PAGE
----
During this era, members of the Soils Branch published several regional soil maps. These included the soils of Yorke Peninsula and northern areas (Reg French, Bill Matheson, and Alan Clarke); Counties Albert, Alfred and Eyre (John ‘Soils’ Potter, Ken Wetherby and David Chittleborough); southern Mallee region (Andy McCord); a revision of Reg French’s original 1958 soil map of Eyre region (Peter Jeffery and Brain Hughes, with major contributions from Ken Wetherby); coastal soil in the SE region (David Zimmerman and Mark Seeliger) and a soil survey of the Padthaway region (Ken Wetherby and David Armstrong).
These essential soil information bases have been progressively refined and extended in all agricultural regions by David Maschmedt and his group who resided at Northfield from 1985 - 2003.
Many SA farming soils are renowned for their inherent infertility and fragility. Historical observations and information gained from early field trials on different soil types were broadly consolidated by the late Newton Tiver (Chief Agronomist) and published in the 1955 Journal of Agriculture ‘Deficiencies in South Australian soils’. Often multiple deficiencies were recognised and some classical ‘world-first’ discoveries were made, especially with trace elements. But during the post war era more land was being rapidly cleared for agriculture. Fertiliser requirements, including type of fertiliser (nutrients applied), the rate, frequency and most efficient method of application were also needed for these diverse soils and farming systems.
The fertiliser industry, especially Adelaide & Wallaroo Fertilizers Ltd (AWFL) and more recently Pivot and Hifert often supported Departmental research programs by either co-sponsoring or providing experimental fertiliser products for testing. Of course they also manufactured and imported fertiliser products used in farming. Industry research grants were sought more actively from the mid 1970s.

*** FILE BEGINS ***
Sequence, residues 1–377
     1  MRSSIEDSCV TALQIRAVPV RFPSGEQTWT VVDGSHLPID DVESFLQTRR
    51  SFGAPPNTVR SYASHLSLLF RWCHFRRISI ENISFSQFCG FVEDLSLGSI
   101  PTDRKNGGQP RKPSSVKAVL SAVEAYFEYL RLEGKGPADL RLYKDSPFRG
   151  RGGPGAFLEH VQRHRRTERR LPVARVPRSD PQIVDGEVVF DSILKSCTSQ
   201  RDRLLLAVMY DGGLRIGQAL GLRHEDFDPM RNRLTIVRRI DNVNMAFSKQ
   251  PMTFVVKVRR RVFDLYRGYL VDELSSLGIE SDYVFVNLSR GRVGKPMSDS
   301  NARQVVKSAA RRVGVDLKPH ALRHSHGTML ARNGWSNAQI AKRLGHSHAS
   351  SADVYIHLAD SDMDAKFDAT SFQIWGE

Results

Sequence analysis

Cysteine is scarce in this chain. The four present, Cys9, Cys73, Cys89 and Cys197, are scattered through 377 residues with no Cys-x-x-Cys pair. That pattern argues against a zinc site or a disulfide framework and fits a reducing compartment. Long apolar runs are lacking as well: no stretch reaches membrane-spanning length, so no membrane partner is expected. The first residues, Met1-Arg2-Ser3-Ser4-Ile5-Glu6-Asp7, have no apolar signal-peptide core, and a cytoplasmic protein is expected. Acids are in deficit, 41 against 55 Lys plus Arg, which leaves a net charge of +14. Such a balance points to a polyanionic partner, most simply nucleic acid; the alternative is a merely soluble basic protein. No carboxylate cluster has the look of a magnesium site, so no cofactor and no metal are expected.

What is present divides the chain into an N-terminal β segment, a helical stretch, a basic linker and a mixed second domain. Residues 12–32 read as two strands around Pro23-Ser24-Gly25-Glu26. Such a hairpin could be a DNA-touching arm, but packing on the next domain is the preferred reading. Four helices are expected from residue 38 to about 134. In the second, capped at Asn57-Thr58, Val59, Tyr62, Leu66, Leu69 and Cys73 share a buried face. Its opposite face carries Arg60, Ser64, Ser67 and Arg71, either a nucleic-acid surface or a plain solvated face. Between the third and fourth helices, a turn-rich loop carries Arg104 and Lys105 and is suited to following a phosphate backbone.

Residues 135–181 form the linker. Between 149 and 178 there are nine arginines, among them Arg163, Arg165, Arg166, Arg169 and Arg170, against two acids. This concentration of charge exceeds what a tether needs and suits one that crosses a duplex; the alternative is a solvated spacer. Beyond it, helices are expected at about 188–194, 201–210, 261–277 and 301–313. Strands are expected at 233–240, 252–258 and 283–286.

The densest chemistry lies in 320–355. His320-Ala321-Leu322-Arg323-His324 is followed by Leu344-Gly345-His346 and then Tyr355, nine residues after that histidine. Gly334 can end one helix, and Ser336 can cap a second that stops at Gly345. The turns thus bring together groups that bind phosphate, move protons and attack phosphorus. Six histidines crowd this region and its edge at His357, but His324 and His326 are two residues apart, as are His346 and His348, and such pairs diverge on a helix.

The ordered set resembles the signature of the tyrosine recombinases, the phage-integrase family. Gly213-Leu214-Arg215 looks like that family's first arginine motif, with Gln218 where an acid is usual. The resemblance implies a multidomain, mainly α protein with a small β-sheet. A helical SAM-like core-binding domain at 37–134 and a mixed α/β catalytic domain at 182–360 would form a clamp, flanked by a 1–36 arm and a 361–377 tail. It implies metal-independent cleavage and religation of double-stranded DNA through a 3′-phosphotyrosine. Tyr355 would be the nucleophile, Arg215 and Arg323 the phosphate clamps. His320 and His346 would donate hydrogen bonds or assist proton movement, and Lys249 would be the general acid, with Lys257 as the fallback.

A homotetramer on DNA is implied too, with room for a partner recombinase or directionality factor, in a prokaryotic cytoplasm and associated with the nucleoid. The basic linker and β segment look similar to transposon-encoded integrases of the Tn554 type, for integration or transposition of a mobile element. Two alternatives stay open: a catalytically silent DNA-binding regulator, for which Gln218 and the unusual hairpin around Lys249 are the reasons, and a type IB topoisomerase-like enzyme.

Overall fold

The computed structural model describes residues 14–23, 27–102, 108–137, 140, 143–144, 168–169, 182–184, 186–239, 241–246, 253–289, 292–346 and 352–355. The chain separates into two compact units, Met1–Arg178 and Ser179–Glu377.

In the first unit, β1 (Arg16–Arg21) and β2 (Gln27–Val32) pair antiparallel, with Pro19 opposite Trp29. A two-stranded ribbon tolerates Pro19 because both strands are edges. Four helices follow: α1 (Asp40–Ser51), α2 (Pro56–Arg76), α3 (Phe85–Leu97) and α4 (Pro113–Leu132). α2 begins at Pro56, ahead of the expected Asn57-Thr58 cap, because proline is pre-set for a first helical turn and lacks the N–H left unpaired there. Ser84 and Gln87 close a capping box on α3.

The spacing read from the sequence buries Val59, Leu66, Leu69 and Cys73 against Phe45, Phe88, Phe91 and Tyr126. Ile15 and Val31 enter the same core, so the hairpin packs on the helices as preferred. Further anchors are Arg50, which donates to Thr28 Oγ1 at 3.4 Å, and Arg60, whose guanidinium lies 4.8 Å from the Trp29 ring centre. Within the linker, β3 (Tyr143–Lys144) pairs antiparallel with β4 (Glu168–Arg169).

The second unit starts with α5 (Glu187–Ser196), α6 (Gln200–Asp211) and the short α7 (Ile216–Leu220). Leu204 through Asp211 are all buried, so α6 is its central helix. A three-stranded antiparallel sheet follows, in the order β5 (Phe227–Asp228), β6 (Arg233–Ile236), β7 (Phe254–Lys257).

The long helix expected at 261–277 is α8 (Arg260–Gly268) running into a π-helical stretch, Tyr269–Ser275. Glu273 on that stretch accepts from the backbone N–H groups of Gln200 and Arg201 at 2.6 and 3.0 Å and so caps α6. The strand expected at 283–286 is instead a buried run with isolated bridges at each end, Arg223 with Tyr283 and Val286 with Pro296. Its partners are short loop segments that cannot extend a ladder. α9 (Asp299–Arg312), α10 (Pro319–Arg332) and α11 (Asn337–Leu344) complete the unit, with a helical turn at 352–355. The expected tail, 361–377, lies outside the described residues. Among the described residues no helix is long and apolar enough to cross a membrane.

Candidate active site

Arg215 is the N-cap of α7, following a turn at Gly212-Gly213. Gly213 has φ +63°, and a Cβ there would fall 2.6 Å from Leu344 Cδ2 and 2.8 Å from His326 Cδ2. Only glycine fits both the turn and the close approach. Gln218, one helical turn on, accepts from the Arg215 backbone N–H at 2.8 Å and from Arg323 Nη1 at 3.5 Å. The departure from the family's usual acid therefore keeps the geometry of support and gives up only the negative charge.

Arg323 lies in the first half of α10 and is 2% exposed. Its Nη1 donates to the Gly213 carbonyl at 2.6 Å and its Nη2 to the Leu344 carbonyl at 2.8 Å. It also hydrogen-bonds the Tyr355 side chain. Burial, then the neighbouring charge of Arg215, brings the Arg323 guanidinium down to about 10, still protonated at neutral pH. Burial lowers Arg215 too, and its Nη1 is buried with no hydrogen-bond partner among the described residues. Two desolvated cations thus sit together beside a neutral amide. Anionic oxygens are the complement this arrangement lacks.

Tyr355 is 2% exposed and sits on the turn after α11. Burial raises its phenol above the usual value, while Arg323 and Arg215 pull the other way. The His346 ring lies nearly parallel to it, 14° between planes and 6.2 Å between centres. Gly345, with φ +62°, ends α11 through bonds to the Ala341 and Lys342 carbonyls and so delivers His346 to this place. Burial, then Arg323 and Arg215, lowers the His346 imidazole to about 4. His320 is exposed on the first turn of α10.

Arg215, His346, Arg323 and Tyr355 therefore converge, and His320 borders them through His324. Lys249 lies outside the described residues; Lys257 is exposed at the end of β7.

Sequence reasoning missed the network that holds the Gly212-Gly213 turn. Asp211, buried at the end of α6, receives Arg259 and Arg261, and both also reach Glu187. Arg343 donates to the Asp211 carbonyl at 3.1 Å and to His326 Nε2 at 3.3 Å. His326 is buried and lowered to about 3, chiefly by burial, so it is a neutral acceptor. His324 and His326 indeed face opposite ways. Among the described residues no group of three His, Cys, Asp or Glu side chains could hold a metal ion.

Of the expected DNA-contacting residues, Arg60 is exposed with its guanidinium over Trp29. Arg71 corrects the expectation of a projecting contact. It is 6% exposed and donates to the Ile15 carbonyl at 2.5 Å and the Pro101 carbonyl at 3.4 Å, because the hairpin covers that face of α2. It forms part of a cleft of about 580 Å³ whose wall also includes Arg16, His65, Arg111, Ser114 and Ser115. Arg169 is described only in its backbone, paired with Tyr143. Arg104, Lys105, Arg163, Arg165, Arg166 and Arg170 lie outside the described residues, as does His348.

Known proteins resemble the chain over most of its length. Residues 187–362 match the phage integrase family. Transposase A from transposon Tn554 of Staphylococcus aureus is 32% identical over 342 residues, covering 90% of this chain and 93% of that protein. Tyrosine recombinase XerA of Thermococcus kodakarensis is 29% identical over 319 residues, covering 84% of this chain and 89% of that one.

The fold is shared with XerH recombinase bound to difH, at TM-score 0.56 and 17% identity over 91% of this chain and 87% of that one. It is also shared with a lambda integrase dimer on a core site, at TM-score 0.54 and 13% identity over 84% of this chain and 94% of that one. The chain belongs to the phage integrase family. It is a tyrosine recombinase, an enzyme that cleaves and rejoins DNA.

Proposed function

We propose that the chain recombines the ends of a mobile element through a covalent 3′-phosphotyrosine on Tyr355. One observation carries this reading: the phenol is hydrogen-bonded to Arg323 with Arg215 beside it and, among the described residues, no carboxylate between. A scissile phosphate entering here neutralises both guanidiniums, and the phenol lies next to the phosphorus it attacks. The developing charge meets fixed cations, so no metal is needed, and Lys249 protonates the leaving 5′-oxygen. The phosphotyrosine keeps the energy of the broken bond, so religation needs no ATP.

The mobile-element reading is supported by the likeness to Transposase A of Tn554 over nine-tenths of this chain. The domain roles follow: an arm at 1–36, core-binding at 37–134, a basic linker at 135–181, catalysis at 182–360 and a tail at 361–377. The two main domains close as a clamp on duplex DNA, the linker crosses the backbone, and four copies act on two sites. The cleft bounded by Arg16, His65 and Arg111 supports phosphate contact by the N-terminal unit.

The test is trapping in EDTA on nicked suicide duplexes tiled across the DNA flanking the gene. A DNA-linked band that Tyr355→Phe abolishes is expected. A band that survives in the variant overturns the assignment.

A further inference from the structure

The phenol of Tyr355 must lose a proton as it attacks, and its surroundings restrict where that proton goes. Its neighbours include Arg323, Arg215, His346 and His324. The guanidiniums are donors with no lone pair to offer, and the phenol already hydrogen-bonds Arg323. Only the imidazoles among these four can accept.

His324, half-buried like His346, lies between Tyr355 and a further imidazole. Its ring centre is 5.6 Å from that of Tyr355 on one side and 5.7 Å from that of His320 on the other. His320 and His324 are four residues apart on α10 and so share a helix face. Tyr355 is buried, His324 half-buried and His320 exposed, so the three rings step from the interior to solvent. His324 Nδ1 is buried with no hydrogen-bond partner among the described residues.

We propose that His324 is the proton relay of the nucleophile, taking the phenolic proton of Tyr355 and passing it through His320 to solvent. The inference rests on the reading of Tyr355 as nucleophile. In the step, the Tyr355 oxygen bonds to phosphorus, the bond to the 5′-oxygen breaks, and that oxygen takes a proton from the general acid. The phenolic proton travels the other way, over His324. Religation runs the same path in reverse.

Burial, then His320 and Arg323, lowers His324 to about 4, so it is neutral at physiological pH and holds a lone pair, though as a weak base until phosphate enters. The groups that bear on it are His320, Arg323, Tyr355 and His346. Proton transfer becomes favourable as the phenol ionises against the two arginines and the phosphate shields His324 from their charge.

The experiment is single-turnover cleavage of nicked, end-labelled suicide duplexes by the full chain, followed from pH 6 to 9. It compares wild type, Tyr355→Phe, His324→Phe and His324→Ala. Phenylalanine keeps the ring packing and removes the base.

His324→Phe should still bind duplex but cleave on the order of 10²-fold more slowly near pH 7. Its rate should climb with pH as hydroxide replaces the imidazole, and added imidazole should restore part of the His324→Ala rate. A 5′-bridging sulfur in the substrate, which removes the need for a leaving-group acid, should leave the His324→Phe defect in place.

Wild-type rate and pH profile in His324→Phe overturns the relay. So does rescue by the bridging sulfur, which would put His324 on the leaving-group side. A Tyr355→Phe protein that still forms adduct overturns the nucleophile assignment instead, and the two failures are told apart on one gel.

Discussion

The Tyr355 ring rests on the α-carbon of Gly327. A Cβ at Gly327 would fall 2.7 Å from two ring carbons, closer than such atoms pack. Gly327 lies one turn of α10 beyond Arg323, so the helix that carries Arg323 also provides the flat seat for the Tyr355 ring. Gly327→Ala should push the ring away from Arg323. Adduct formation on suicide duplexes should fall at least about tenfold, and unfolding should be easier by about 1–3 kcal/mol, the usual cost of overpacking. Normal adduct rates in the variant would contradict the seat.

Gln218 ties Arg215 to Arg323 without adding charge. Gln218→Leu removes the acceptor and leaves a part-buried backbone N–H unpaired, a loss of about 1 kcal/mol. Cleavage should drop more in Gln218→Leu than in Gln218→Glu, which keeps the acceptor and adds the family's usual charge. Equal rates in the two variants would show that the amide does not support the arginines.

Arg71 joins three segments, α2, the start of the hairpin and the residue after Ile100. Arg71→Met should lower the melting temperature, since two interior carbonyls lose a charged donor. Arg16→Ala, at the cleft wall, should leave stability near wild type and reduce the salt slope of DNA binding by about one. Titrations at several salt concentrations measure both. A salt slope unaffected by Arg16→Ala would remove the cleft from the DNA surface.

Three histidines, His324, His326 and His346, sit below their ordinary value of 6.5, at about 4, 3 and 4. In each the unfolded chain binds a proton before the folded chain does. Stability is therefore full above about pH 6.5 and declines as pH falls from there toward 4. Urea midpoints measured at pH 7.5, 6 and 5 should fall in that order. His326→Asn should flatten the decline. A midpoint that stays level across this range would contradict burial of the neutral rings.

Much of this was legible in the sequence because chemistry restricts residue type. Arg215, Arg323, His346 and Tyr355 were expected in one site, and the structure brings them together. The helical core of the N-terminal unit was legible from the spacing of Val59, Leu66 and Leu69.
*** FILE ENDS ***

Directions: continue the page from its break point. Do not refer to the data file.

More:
In the early 1960s, John Burford examined responses by perennial pastures to applied potassium (K) fertilisers in the Mt Lofty Ranges. He also developed and calibrated a unique soil test for detecting K deficiency (see below). This was the first ‘available’ soil test developed in SA.
Alan Clarke also showed that even insoluble rock phosphate applied to the acidic Mt Compass sand rapidly moved down the soil profile.
By the early 1970s, Departmental fertiliser research in the higher rainfall areas of the SE region became a priority, although earlier pioneering research by Dr David Riceman (CSIRO) and colleagues and later by Kelvin Powrie (University of Adelaide) in the Robe and Coonalpyn Downs areas, together with the coast disease research with sheep at Robe was well known. Dale Lewis and Tony Meissner were appointed to Struan Research Centre and with Alan Clarke (based at Northfield) commenced research on the phosphorus (P), sulphur (S) and K needs of pastures in the South East region.
Dale conducted an extensive soil chemical survey of sandy soils in the region to establish the rate of accumulation or depletion of applied P and S (and other soil properties) under grazing on land that had been developed for a variable number of years. He and Alan (with assistance from Lewis Auhl) also investigated P & S fertiliser requirements on a range of other SE soils, including some longer-term trials. Tony Meissner and Alan Clarke conducted a series of medium-term trials examining rates, timing and residual benefits of K fertiliser applications to pastures. Both programs were used to calibrate soils tests for high rainfall pastures (see below) and fertiliser guidelines for graziers.
Other nutritional investigations in the SE region were also pursued, including some classical field work by Jock McFarlane calibrating critical levels of copper (Cu) in sub clover, strawberry clover and wheat (see below).
In 1980, a soil analytical laboratory was established at Struan to assist the expanding research activities in the SE region.